The Employment Appeal Tribunal (“EAT”) has upheld the finding of the employment tribunal in the case of Lock v British Gas Trading Limited that the Working Time Regulations 1998 (“WTR”) can and should be read to require employers to include commission paid to workers when calculating the rate of pay for a worker’s “European” holiday entitlement.
Mr Lock was a British Gas salesman who received, in addition to his basic salary, commissions based on the number and type of contracts his customers entered into. Commission was paid in arrears and amounted to approximately 60% of Mr Lock’s total earnings. Mr Lock claimed that, as he could not earn commission whilst on holiday, the makeup of his salary was a disincentive to taking annual leave. He therefore argued that commission should be included in addition to his basic salary in the calculation of his holiday pay. The case was referred to the Court of Justice of the European Union (CJEU), which held that commission payments should indeed be included in holiday pay calculations.
The pertinent issue for the Employment Tribunal (“ET”) was therefore whether the WTR could be interpreted so as to take into account the CJEU’s decision that holiday pay should include commission. The ET held that the WTR could be interpreted to take the CJEU decision into account, and added wording to the WTR to this effect. The ET relied on the case of Bear Scotland v Fulton to justify their decision.
British Gas appealed, arguing that the ET was wrong to conclude that the WTR could be interpreted in accordance with the CJEU decision. In particular, British Gas argued that the decision in Bear Scotland was:
(i) distinguishable, as it related to overtime payments and not commission; and
(ii) was in any event incorrectly decided and not binding upon the EAT.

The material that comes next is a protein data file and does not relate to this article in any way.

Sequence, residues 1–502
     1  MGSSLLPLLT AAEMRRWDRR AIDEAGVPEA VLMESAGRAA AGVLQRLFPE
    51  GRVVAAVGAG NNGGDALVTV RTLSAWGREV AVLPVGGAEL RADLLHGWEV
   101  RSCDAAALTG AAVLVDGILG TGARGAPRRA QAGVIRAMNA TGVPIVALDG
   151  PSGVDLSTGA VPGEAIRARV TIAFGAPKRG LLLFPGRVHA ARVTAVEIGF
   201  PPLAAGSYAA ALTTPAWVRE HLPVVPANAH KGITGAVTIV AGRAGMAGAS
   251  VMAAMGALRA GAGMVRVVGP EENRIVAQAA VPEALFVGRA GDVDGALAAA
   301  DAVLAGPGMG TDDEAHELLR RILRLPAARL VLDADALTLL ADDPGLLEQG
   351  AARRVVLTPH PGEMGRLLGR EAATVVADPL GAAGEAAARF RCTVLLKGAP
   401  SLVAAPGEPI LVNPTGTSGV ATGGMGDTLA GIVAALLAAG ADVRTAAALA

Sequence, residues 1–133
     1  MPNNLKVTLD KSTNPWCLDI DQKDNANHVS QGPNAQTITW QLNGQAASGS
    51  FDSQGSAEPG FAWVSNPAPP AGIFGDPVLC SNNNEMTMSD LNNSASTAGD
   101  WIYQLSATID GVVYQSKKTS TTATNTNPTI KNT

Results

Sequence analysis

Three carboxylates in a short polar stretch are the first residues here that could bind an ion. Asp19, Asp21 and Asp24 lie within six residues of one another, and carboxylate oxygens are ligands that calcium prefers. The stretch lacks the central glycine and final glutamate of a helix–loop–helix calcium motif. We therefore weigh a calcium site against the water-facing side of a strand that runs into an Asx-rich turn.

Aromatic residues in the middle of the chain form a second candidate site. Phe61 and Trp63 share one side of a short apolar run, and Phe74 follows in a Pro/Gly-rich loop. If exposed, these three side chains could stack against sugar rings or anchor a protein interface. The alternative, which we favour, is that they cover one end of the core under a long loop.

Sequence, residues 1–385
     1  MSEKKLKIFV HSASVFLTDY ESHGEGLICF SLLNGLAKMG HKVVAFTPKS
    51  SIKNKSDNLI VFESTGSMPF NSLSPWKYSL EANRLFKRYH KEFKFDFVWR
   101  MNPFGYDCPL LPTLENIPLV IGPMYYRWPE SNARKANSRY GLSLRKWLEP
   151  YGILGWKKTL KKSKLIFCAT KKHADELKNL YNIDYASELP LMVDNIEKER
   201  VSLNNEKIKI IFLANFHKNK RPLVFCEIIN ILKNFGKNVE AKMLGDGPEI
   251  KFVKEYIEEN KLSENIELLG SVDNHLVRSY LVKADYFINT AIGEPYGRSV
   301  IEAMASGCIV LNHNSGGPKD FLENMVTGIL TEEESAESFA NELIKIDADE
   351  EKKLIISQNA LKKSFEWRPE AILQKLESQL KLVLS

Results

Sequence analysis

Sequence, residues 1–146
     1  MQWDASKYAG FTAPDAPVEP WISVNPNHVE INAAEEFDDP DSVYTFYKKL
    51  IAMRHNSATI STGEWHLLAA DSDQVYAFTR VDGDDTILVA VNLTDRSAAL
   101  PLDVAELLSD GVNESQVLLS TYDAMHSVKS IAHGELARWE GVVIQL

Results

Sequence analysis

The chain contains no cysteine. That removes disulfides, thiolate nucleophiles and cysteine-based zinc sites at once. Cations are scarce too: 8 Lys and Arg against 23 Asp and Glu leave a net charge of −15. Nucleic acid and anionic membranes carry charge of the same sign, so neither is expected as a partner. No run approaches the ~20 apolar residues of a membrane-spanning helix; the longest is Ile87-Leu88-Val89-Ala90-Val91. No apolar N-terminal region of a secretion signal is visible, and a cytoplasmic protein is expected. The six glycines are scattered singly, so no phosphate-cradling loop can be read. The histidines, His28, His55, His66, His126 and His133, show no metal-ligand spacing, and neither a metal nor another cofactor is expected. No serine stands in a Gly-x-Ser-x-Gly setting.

The EAT rejected these arguments and dismissed the appeal.
Appeal to the Court of Appeal
Mr Justice Singh concluded his judgment by stating that if Bear Scotland was wrongly decided, then it was for the Court of Appeal to make such authority, not the EAT. British Gas is reported to have asked for permission to appeal to the Court of Appeal. Any appeal is unlikely to be heard until 2017.
What next for Employers
Employers should be aware that employees will now seek to enforce their right to seek their usual commission when they take the first four weeks of their annual leave entitlement (“European” holiday) and could have grounds to bring a claim for unlawful deduction from wages. The decision does not apply to the next 1.6 weeks of annual leave provided by the UK regulations, nor any contractual entitlement above that. What is not clear is the issue of the “reference period” for the purposes of calculating which commission should be averaged when determining holiday pay.
We will keep you updated when this issue is addressed and pending any further appeal the case of Lock will provide greater certainty as to how cases of this nature will be decided.